We Ain’t Paid No Whisky Tax Since 1792

Ode to the Great Whisky Rebellion:

In Further Whisky News: Every True Scotsman Knows that Whisky is Spelled Without an “E”!

Scotch whisky is the best whisky in the world. We cannot say whether leaving out the “e” makes the difference. As for those whisky distillers who cannot even get the name right — how can anyone trust them to get their spirits right?

More on the making of Scotch whisky:


Step One – Malting:

Fine quality barley is soaked in pure water, and then spread over malting floors to germinate. To stop heat building up too much, it’s turned regularly.

This process releases enzymes, which turn starch into sugars during the next step – mashing.

Before mashing takes place, the germination process is ended by drying the barley in a kiln, at a temperature below 70°C – so as not to ruin the enzymes.

Peat can be used in the fire to influence the end flavour of the whisky.

Step Two – Mashing:

The dried-out malt is ground up into a flour (or grist), which is mixed with hot water in a “mash tun”. The water is added in three stages, getting progressively hotter each time – starting just shy of 70°C – but not creeping beyond boiling point. The purity of the water is very important.

The resulting mash is stirred to help the enzymes convert starches into sugar, and once mashing is over the liquid produced is known as “wort”.

Any spent grains (“draff”) is used for animal feed.

Step Three – Fermenting:

Yeast is added to the wort liquid, now cooled to 20°C, in vats called “washbacks”. Yeast is a living thing, and feeding off the sugars within the wort, produces alcohol, congeners (compounds which contribute to the flavour of the whisky) and carbon dioxide.

Carbon dioxide causes the liquid to froth substantially, so to prevent it overflowing, revolving switchers remove any excess froth. After a couple of days, the fermenting liquid calms down, and contains a volume of around 8-9% alcohol.

Step Four – Distillation:

During the distillation process the still temperature is kept just below 100°C. This allows alcohol and various other compounds to vapourise, passing over the still neck and into a copper coil (a worm) or a condenser. These are cooler than the vapour causing it to condense back into a liquid.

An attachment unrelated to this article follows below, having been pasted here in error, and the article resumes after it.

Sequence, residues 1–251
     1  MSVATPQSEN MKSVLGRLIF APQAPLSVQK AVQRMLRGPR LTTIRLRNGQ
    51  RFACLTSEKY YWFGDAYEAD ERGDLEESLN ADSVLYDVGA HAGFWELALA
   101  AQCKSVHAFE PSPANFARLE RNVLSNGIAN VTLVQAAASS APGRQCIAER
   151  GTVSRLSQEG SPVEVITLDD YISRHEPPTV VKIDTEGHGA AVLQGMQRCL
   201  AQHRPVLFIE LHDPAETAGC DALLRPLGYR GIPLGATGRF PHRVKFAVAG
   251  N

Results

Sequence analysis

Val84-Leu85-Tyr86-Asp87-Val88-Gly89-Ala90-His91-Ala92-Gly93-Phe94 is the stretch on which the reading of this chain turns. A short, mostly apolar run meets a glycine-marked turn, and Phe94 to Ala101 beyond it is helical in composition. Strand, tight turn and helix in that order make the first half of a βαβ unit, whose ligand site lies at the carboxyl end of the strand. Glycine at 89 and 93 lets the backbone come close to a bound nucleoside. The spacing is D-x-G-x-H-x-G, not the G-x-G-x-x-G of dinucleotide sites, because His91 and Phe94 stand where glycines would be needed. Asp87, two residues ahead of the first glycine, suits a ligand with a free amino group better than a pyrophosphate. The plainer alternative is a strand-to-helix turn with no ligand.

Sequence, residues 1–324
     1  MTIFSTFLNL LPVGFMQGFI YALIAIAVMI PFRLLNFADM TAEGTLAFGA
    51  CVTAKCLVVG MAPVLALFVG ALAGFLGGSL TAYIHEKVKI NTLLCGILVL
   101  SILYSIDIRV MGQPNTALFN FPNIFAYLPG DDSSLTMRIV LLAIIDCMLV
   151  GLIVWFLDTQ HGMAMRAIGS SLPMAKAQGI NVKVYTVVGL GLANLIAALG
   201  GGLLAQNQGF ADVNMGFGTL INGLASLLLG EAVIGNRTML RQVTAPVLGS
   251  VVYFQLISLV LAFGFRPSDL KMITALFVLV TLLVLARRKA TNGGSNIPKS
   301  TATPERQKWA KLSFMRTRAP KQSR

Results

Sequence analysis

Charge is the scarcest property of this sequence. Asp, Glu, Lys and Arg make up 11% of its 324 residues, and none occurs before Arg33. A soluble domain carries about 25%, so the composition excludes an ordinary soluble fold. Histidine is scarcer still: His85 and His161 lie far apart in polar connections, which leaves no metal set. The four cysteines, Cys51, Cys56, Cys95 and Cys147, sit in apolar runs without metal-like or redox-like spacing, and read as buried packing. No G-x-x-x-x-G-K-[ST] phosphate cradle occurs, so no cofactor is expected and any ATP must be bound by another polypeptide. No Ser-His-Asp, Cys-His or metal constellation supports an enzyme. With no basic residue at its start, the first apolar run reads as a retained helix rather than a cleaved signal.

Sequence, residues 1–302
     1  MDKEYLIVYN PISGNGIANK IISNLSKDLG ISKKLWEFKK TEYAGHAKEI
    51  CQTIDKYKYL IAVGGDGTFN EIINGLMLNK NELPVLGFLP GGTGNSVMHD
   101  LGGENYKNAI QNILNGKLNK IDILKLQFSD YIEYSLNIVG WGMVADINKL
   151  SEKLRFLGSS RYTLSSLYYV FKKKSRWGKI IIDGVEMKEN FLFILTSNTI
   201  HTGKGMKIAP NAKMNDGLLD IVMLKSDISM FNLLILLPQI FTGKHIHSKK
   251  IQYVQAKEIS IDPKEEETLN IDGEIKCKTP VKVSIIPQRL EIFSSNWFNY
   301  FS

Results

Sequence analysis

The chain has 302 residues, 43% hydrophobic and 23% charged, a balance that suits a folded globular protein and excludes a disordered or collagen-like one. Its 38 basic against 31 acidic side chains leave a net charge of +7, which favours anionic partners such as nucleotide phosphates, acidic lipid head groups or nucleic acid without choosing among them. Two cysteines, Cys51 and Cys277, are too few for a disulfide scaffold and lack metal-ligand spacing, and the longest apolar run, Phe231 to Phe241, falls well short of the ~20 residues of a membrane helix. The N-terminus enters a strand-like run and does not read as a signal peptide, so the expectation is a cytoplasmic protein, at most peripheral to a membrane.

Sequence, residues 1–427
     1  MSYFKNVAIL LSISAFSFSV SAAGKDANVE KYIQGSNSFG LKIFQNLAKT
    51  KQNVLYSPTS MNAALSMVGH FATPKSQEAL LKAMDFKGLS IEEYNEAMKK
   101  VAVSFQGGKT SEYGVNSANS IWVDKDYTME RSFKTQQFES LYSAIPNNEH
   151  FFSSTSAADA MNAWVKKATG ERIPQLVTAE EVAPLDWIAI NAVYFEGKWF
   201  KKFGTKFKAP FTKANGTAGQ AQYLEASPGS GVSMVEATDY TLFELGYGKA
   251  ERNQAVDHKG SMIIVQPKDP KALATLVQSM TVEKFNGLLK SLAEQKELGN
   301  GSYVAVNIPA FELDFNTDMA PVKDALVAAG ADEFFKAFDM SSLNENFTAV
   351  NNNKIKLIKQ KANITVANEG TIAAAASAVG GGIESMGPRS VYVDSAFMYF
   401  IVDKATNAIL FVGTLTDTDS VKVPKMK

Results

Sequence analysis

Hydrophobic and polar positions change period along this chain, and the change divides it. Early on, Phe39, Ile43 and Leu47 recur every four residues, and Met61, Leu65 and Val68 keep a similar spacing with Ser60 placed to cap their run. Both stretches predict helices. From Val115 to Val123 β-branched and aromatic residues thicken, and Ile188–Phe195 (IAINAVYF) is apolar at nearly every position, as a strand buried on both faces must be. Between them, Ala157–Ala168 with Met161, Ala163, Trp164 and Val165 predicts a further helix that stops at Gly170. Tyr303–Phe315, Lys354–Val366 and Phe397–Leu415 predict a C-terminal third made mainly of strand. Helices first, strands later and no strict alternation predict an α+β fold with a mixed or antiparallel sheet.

The wash (fermented liquid) is distilled twice –

First in a wash still; this separates out the alcohol from the water, yeast and a residue called “pot ale”. The distilled liquid from the wash still is “low wine” – containing around 20% alcohol. This liquid is transferred to a spirit still for refining.

Volatile compounds, or foreshots distil from the liquid first – followed by feints; these are heavier, oily compounds. Both types of compounds are channelled off, to be mixed with low wine and re-distilled in another batch of whisky.

Interesting info: the foreshots (although not such a problem with modern strains of yeast) may contain methanol, which is highly poisonous – causing blindness and death if consumed in excess. Also, the oily feints are in part made from “fusel oils”, compounds that are responsible for headaches. So, in theory, you shouldn’t have an angry head after drinking your fill of a quality single malt scotch whisky. That’s more than can be said for many alcoholic beverages!

The only liquid that is carried forward is the “heart of the run” or “pure centre cut” – which is 68% alcohol. The good stuff. This is collected up in a “spirit receiver” … an invention that sounds like a piece of ghost hunting equipment.